Human Rights Panel Discussion: Women’s Rights

(Berlin, Germany; February 12th, 2013)

The Event was organized by Peter Dudic, Laura Richardson, Ysanne Choksey, and the ICD Human Rights Team
On February 12th, 2013, members of the Institute for Cultural Diplomacy had the opportunity to take part in an interactive discussion organized by the team members of the Human Rights department. In the first of a series of presentations and panel discussions focusing on human rights, Peter Dudic, Laura Richardson, and Ysanne Choksey discussed the discrimination and violence that women still face in today’s world. In the introductory lecture, they presented information about the deplorable treatment of women in certain parts of the world. The UN estimate that 2,000 sex-specific abortions are performed per day in India shocked the audience, and the general global lack of gender equality is evident in the fact that 70% of the global population who are living on less than $1 a day are women.

However, gender inequality is not only a problem in developing countries; in fact, the correlation between national prosperity and equality is far weaker than might be expected. Rwanda is the country with the highest female representation in politics, with more than half of representatives being female. The Scandinavian countries and the Netherlands have the best female representation in Europe. Perhaps surprisingly, the UK, Italy, and France have lower representation than Iraq, Afghanistan, and Sudan- three countries which do not have stellar records as far as human rights are concerned.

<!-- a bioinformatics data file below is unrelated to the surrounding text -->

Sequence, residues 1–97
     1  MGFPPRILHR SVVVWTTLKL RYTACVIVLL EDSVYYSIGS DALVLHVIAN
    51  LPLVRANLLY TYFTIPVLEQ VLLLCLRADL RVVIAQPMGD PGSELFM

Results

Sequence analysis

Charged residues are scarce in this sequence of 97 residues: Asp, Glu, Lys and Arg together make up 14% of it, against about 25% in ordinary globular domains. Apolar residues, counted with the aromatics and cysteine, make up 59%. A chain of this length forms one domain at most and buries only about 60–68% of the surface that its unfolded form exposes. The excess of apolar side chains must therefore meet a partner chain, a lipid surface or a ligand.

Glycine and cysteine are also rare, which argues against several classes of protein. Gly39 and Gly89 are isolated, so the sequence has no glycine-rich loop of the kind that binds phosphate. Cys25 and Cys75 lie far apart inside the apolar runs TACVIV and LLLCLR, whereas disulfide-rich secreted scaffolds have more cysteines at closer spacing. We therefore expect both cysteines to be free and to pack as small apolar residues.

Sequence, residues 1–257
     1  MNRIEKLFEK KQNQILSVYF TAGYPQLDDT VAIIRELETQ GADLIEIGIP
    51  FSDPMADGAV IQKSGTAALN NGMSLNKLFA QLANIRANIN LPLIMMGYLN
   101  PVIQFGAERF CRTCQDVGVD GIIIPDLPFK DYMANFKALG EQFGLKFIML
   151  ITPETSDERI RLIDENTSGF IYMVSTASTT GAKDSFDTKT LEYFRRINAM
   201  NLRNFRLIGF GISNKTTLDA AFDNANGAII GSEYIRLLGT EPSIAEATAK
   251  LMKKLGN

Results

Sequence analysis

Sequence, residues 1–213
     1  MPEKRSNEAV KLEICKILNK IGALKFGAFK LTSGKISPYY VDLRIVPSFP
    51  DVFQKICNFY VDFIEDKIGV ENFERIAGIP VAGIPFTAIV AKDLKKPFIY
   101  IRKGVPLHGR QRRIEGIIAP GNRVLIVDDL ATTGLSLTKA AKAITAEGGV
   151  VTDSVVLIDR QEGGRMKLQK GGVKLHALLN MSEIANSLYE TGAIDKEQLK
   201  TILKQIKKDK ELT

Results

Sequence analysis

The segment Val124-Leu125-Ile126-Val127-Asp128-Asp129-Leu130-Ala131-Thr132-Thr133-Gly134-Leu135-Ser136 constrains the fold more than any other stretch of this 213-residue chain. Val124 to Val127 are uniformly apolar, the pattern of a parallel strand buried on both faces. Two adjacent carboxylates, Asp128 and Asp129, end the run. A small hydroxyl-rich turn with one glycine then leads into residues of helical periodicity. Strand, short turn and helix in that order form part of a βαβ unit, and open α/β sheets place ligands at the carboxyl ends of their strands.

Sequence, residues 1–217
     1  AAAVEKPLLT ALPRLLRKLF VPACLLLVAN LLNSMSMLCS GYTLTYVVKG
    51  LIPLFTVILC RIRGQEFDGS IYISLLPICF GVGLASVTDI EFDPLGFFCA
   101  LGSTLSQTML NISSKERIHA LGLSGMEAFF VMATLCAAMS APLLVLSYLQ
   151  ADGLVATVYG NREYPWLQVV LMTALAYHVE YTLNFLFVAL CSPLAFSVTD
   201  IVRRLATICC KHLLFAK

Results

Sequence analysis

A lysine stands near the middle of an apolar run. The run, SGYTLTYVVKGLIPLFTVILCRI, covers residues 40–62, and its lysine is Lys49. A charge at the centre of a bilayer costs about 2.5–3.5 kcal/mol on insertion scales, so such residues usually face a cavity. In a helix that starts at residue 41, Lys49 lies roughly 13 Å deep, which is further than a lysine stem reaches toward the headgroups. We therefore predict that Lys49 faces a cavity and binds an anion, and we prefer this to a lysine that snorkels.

After the opening lecture, members of the ICD partook in an interactive discussion, with interns presenting their own views on the discrimination of women and the measures that can be taken to improve equality. A variety of issues were discussed, including: the reasons for which women face discrimination, the setting of quotas to increase female representation in corporations and governments, the debate as to whether a woman can pursue a successful career and be a responsible mother at the same time, and the role of religion in limiting opportunities for women.

All in all, the intern-organized event was highly informative and provided a platform for the sharing of a diverse range of opinions and beliefs.